Devon / Cornwall Epilogue : Cornish Compass series

Our Cornish holiday was at an end, and with the exception of our drive home, we have yet to blog about our adventures on the Cornish Compass Series.

Cornish Compass Series

Cornish Compass Series

As we have remarked on earlier blogs, the series comprises of 360 puzzle caches. Each cache has a puzzle to solve to yield the final co-ordinates. On the map, the puzzle route looks circular, and although the solved co-ordinates produce a continuous loop, it is definitely not circular. The puzzles are easy to solve, and with a little help from Excel the final co-ordinates can all be derived before attempting the circuit. (We plotted every 20th cache on a map, before we left, we strongly urge plotting a lot more than this to give a very clear driving route).

This is a very popular series. When we were in Cornwall two joint teams from the Lake District and the Midlands were attempting the series. Although the series is barely a year old, it already seems to have reached iconic status.

Some cachers attempt the series in a 24 hour period, others take their time, perhaps 20-30 caches a day. It really is a huge undertaking. Many of their exploits can be found at Cache 001.

Other than the sheer size, the Cornish roads hinder progress. Much of the journey is on very narrow lanes with passing places. Many of the caches are in/near these passing places, but at busy times it doesn’t seem right to hold up traffic whilst looking for tupperware!

Narrow roads

Narrow roads

We found caches on 4 days in Cornwall. These were never our primary targets for the day, but because of our pre-plotted map we had a good idea when we were close to the series.

Our first day – on Bodmin Moor – we found 6 hides all very traditional ie under stones, by fences. Width-wise the roads were ok, and there were opportunities to park a car, and walk to find 2-3 caches in safety. With most caches about 1/10 a mile apart, this meant about half-a-mile of road walking.

Spacious views, and space to park a car!

Spacious views, and space to park a car!

Our second day – near Liskeard – was harder. The roads were narrower and by the time we started to cache, evening peak-time was approaching, which meant there were more vehicles trying to use the narrow lanes. The parking spaces were not quite so convenient, our best pull in was just feet from a farm house. This section also yielded our only DNF – probably more of a Did Not Attempt as had blocked a resident’s drive to park our car within seconds of the resident returning! One cache which Mrs Hg137 had to find was 12 feet up a slippery bank. The nearest parking area meant we had to leave a person with the car… we really should have reversed roles here!

This picture doesn't show the effort to climb up a 12 foot slippery bank!

This picture doesn’t show the effort to climb up a 12 foot slippery bank!

Another was very cunningly hidden in some street furniture (and we not going to tell you how!). That day we found 5 Compass Caches, but must have driven past many more with no easy means of safely stopping. We eventually gave up, when a huge tractor came bearing down on the spot we had chosen to leave our car for a brief moment! All too stressful!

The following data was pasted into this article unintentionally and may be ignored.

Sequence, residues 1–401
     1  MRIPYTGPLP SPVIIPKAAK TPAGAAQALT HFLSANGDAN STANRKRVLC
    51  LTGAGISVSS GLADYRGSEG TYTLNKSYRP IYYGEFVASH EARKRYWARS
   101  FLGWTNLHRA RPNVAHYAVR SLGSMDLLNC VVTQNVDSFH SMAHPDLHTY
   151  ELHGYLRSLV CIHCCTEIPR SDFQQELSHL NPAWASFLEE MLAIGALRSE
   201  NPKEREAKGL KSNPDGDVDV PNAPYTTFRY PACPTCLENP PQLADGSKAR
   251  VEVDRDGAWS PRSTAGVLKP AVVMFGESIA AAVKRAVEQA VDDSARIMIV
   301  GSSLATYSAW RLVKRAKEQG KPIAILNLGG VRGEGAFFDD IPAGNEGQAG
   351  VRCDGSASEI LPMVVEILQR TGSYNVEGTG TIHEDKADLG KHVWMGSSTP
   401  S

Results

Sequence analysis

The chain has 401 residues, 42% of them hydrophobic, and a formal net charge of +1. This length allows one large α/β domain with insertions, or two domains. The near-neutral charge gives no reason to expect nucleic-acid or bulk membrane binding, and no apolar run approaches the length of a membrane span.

Where's the cache ?

Where’s the cache ?

Our third day – on the way to Tintagel – we found one cache. We had hoped to find more, but our route (and we are still not sure if it was on the Cornish circle) was so narrow at one point Mr Hg137 had to reverse (slightly ineptly if truth be told) to allow a van and three other cars to squeeze past with inches to spare. Once free of the congestion, we paused to collect our thoughts in a very large layby. Turned on the GPS and we were 17 feet from a cache! An easy find.

After two days of squeezing the car through seeming smaller and smaller lanes, we only returned to the Cornish Compass series three days later.
We weren’t really planning to undertake any of the Compass caches that day… but we realised after finishing the ‘Drive on the Moor’ series we were just a few finds short of some personal records. Mrs Hg137 remembered passing a road sign which bore a strong similarity to one of the cache hints… so that’s where we went to first! We needed just three finds to break our daily record of 29 caches. The first in the road sign was simple. A busy road junction, and a muggle listening to the cricket in a nearby car.

The next cache up a slight bank and attached by various wires to a telegraph pole… and so to our record breaking 30th cache of the day. A very simple find, with thankfully easy parking opposite! Thirty caches in a day .. our new record.

Record equalling cache

Record equalling cache

Record breaking cache

Record breaking cache

So in the end we only found 15 Compass caches.

If you like driving – and stopping every 1/10th of a mile – around narrow, sometimes high-banked, Cornish lanes this route is for you. Preparation though is key. Work out all the co-ordinates beforehand, drive the route (using Googlemaps) to ascertain parking spots and to experience the narrowness of roads. If you don’t like narrow lanes (and we had our moments of dislike) you can still enjoy the route, but you may need to selective where you drive.

It is fun…but hard work! Our hearty congratulations to those that success in finding all 360 caches… you have far better stamina than us!


Leave a Reply

Fill in your details below or click an icon to log in: Logo

You are commenting using your account. Log Out /  Change )

Google+ photo

You are commenting using your Google+ account. Log Out /  Change )

Twitter picture

You are commenting using your Twitter account. Log Out /  Change )

Facebook photo

You are commenting using your Facebook account. Log Out /  Change )


Connecting to %s

%d bloggers like this: